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Educator offers tips on 'getting our hearts right'

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Anna Marie Lux
January 27, 2014

JANESVILLE--Kathy Hetzel wants to help us get our hearts right.

With Valentine's Day approaching, the focus is on love.

But Hetzel knows improving a relationship is a lot harder than buying a box of chocolates.

“Everyone wants better relationships,” she said. “We want them in our marriage, our families and at work.”

The family living educator with UW Extension in Rock County has some solid suggestions about how to improve life at home and at work.

She and Jeanette Beard of the Rock County Association for Home and Community Education invite people to learn how to better handle conflict and disagreements.

They are giving a free talk at the Rock County Courthouse in Janesville on Thursday, Feb. 6.

“Maybe already this morning you have been annoyed by someone,” Hetzel said. “Communication skills will help solve the problem, but they often disappear when we are faced with conflict.”

Inability to communicate well is only one stumbling block to better relationships. Focusing too much on ourselves and our own needs is another.

“We are so intent on giving our own viewpoints that we forget about the other person,” Hetzel said. “We need a willingness to acknowledge each others concerns if we are to see the other side.”

Egocentrism, which means people focus on themselves, often gets in the way. But, if we are aware of it, we can be more open to hearing another viewpoint, Hetzel said.

People also tend to excuse their mistakes and faults because of circumstances.

“If I cut into traffic, it is because I am under pressure and in a hurry,” Hetzel said. “But if you do it, you are inconsiderate and unsafe.

"If I have a messy desk, it's because I am busy. But if you have a messy desk, it is because you are disorganized.”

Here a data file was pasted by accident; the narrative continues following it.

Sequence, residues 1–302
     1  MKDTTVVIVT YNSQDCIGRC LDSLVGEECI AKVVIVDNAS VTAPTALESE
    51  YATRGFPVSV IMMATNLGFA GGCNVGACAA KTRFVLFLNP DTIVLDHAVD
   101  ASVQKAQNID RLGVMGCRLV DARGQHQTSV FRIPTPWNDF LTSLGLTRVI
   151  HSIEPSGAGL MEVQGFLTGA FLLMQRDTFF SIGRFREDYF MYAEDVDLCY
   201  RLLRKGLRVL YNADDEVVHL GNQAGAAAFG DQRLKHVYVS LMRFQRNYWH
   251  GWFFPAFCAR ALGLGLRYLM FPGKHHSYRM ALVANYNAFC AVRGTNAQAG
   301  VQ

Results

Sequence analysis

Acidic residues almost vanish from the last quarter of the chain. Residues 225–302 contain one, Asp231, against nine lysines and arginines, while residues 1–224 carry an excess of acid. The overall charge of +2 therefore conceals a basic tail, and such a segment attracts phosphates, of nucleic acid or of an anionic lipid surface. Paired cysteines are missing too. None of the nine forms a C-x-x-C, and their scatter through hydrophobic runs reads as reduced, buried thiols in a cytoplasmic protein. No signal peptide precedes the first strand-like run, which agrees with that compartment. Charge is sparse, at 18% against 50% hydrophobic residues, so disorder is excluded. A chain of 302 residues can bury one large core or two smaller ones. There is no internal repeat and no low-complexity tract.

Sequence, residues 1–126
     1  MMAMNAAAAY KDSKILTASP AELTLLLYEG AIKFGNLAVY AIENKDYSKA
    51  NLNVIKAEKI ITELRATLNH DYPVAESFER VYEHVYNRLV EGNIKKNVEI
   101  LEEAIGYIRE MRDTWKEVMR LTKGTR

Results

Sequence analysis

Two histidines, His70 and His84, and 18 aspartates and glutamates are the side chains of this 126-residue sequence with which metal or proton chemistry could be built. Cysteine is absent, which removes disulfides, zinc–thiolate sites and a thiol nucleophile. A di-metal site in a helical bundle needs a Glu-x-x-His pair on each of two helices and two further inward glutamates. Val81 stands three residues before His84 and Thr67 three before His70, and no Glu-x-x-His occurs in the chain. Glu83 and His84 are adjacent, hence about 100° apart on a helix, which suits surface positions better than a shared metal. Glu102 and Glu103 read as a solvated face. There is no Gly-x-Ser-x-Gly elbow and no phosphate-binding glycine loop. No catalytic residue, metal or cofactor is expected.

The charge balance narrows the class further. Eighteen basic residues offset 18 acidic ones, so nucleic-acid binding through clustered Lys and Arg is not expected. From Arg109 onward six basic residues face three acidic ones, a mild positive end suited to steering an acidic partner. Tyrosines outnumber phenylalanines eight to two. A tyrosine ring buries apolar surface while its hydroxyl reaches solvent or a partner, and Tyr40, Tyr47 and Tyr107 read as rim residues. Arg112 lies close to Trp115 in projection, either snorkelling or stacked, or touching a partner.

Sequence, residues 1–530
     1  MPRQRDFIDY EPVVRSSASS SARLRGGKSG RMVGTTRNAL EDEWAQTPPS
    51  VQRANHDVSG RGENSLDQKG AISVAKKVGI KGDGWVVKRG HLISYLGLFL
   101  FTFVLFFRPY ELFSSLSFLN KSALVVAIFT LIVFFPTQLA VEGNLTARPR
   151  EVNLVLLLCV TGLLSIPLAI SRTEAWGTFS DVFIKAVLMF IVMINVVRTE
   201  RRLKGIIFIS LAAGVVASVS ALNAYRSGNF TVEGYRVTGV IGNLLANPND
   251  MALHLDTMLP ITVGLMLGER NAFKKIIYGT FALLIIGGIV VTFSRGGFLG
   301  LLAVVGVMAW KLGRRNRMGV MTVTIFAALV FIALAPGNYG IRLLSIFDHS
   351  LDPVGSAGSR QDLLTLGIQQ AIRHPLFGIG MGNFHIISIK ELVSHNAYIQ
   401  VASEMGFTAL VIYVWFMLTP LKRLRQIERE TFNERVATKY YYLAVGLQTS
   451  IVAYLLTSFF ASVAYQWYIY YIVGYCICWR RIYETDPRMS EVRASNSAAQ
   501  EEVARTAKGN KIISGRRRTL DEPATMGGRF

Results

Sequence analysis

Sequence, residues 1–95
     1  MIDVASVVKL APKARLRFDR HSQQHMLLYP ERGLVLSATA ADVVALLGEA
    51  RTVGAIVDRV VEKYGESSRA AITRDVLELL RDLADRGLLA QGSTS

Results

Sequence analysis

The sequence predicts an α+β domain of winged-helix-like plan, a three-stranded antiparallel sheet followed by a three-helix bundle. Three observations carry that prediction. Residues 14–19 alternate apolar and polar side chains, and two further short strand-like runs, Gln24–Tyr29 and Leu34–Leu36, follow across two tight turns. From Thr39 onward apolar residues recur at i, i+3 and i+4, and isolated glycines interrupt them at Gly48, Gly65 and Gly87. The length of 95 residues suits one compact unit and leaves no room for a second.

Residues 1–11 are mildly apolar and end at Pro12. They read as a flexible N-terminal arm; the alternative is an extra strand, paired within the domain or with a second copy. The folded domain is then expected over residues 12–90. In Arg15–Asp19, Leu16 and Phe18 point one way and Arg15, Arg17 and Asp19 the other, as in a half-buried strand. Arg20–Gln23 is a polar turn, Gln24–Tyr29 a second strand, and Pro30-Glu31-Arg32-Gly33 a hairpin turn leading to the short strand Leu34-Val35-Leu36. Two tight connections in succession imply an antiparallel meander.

Sound familiar?

Then there's anger, which has the potential to kill.

“The probability of a serious heart attack increases when we are angry,” Hetzel said.

She cites the book “Anger Kills” by Duke physician and bestselling author Redford Williams. He writes that some people respond to anger with a surge in blood pressure. People with this particular genetic predisposition are at increased risk for heart attack.

Williams advises that practicing strategies for anger management can actually help people feel less angry less often.

“When we see others as the enemy, we are only hurting ourselves,” Hetzel said.

She offers a few ways to open our hearts.

“The first one is humility,” Hetzel said. “If someone attacks you verbally, you might respond by saying, 'Look who is talking. You're not so smart yourself.' Or, if you are humble, you might say: 'I can learn things from you.'”

Another way is compassion or being sensitive to what someone else is feeling.

“We can all be more compassionate,” she suggests. “People who are compassionate don't even know it because it is their lifestyle.”

Hetzel has been with UW-Extension in Rock County since September. Prior to that, she was family living educator in Dodge County for a decade.

She suggests that being positive also enhances any relationship.

“It is a practice to see the good in people,” Hetzel said. “You need to tell people they have done good things in a 5-to-1 ratio for everything negative you point out. We need to get our hearts in the right pattern to accept other people for what they are and not what we want them to be.”

Anna Marie Lux is a columnist for The Gazette. Her columns run Sundays, Tuesdays and Thursdays. Call her with ideas or comments at 608-755-8264, or email amarielux@gazettextra.com.



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